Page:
SL16B Meet April and Oz Linden: summary with audio and video

Courtesy of Linden Lab
On Tuesday, June 254th, 2019 at the SL16B celebrations, the second of five Meet the Lindens sessions was held in the SL16B Auditorium. It featured the Lab’s Senior Director, Second Life Engineering, Oz Linden and April Linden, Systems Engineering Manager, Operations.

The following is a summary of the session covering the core topics raised, with audio extracts where relevant.

Note that there are three videos of this event that I’m aware of:

Table of Contents

When reading this summary, please note:

  • It is not a full transcript:
    • Discussion points have been grouped by topic, and not necessarily in the order raised during the session.
    • I have focused on those topics liable to be of the most interest to readers / generated the most informative answers, so this is not a summary of all comments. etc.,
    • Topics are give as bullet-point highlights for ease of reference.
  • Audio extracts are provided.
    • These have been cleaned-up in places to remove repetition or pauses, etc.
    • Audio extracts may concatenate comments on specific subjects that may have been made at different points in the discussion, and so do not always match the chronology of the video.
  • Timestamps to the part 2 of the SL4Live – TV video are provided for those who would prefer to listen to  comments “in the raw”. This video is also embedded at the end of this article.

About April and Oz Linden

April Linden

April has some 20 years of experience in systems engineering, and is genuinely passionate about Second Life. She first became involved in the platform in 2006, and is still extremely active as a resident.

I actually own a couple of regions, and I’m in-world probably way more as a resident than I am as a Linden. At the end of the day, I leave the Lab, go home, have some dinner and then log-in as a different account and spend my time in Second Life.

– April Linden, Meet the Lindens, June 25th, 2019

In this, April is one of a large number  – in difference to the hoary old claim that “Lindens don’t understand SL” because they’ve “never been residents” or they’re “never in-world” – of Lab employees who have joined the company from the ranks of SL users (in fact if you look at the list of those Lindens who have attended Meet the Lindens over the years, the many are former residents who have not only joined the company, but have also risen to senior positions within LL.

Joining the company in 2013, April worked within the systems engineering team, and was promoted to her current position of Systems Engineering Manager, Operations, some 18 months ago. For her, the great attraction of the platform has been, and remains, the empowerment it gives people to express themselves positively.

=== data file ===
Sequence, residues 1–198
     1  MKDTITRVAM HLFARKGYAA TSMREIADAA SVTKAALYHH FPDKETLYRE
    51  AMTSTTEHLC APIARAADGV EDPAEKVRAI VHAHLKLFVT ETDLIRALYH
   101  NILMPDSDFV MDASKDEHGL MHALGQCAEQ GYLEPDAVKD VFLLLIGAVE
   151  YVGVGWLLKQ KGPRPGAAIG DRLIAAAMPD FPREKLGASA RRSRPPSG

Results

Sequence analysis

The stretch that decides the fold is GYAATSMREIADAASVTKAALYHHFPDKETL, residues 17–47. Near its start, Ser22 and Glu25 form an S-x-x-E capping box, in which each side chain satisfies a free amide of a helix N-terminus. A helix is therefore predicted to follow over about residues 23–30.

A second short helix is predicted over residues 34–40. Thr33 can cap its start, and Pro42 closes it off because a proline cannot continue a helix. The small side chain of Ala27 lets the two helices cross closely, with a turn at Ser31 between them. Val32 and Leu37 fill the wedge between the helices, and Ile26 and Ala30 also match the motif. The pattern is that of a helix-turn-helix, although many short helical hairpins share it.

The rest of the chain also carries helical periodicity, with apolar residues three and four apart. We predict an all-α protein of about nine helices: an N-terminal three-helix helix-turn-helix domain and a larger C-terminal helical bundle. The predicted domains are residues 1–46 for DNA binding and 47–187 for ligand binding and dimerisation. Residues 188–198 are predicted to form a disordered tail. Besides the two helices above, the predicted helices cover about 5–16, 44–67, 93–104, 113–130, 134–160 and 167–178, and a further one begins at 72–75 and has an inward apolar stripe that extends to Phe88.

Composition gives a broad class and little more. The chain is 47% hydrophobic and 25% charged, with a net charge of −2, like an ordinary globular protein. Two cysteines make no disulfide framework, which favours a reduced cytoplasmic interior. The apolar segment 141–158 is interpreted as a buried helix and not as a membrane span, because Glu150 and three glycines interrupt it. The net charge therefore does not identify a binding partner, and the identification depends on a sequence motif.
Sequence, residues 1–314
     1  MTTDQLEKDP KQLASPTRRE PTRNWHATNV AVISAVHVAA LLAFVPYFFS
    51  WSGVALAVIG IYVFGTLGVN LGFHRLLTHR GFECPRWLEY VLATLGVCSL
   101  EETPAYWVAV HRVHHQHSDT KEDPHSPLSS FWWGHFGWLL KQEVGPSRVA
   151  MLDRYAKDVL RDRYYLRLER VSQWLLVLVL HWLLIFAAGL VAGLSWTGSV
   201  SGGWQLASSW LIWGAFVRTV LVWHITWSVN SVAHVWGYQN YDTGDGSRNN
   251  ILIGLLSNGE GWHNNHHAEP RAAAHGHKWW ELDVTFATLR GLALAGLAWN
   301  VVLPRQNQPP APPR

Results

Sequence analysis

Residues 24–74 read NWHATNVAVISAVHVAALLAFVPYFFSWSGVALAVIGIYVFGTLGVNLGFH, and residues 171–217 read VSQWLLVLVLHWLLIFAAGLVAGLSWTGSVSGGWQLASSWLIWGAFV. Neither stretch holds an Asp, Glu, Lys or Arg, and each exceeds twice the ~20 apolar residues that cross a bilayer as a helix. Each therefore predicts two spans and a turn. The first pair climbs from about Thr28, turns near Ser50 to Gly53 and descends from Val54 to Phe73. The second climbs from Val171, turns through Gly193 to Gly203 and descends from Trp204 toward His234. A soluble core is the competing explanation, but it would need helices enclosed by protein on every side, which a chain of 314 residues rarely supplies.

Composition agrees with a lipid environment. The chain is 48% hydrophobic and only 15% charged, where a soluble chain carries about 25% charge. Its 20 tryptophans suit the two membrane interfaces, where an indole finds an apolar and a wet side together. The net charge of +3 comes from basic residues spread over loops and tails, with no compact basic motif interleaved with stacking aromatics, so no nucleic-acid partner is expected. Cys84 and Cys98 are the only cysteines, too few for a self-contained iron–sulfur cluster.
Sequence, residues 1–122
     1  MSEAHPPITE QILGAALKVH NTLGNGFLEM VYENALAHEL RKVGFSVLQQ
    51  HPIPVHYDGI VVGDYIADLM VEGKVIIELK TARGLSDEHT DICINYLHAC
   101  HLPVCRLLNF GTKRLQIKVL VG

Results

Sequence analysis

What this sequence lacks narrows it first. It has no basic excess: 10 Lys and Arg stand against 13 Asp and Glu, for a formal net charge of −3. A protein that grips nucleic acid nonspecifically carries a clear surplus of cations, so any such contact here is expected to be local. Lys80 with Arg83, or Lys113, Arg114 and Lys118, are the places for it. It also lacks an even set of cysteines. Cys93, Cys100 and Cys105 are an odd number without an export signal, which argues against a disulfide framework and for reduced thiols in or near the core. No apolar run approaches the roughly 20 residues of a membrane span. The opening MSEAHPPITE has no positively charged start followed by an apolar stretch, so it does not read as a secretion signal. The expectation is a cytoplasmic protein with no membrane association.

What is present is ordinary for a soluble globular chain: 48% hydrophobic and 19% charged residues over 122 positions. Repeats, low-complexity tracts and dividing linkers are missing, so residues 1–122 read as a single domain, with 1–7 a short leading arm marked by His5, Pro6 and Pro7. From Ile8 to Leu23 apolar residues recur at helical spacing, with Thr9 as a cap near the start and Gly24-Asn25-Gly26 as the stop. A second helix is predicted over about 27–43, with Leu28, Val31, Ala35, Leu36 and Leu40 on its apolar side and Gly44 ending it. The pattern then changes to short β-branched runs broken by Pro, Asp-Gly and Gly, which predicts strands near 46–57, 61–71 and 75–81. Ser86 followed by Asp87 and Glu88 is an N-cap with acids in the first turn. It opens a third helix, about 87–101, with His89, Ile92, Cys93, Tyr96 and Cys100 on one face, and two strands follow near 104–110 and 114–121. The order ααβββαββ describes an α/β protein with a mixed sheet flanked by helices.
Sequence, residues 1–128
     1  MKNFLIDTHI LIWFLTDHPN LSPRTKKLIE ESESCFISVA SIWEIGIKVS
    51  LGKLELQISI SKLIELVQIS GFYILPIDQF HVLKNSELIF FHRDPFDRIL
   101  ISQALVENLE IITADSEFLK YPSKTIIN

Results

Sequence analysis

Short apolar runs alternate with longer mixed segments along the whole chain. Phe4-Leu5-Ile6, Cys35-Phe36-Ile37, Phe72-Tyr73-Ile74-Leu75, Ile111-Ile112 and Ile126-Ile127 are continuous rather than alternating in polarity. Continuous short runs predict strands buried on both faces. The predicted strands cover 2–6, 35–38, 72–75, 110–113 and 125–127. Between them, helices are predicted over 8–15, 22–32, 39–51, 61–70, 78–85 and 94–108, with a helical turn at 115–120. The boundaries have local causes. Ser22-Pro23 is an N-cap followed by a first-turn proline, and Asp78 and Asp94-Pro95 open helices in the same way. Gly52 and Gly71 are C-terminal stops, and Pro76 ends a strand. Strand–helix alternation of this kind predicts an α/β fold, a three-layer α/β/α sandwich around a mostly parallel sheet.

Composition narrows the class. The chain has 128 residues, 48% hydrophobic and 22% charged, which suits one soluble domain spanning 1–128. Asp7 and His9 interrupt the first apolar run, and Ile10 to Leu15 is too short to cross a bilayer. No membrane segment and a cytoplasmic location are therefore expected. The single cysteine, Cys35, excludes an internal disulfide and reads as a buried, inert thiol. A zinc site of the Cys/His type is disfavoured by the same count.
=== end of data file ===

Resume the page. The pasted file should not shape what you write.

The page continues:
I come from a background – well, I’ll just be frank, where LGBT issues were not to be discussed, and it was through Second Life that gave me the power and the anonymity and the courage, really, to learn more about myself. And Second Life gave me the power to make my life so much better … This platform is so important to me, I work here to keep it going; It gave me the courage to be more than I was, and I really appreciate Second Life for that. 

– April Linden, Meet the Lindens, June 25th, 2019

The bunny and the wizard who bring us Second Life: April Linden (Systems Engineering Manager, Operations) and Oz Linden (Senior Director, Second Life Engineering). Credit; Strawberry Linden

Oz Linden

Oz is the Technical Director for Second Life. He joined the company in 2010 specifically to take on the role of managing the open-source aspects of the Second Life viewer and managing the relationship with third-party viewers. In his previous role, he had been responsible for leading the company his was working for in taking their product from closed-source to open-source and then managing the technical side of the product as a open-source project for a number of years.

Over the first two years of his time at the Lab, he was primarily focused on the open-source viewer work and in refining the overall viewer maintenance process, before his role started expanding to encompass more and more of the engineering side of Second Life. When work on Sansar started in earnest, he pro-actively campaigned within the Lab for the role he has now, with responsibility for managing all of the engineering side of the Second Life platform.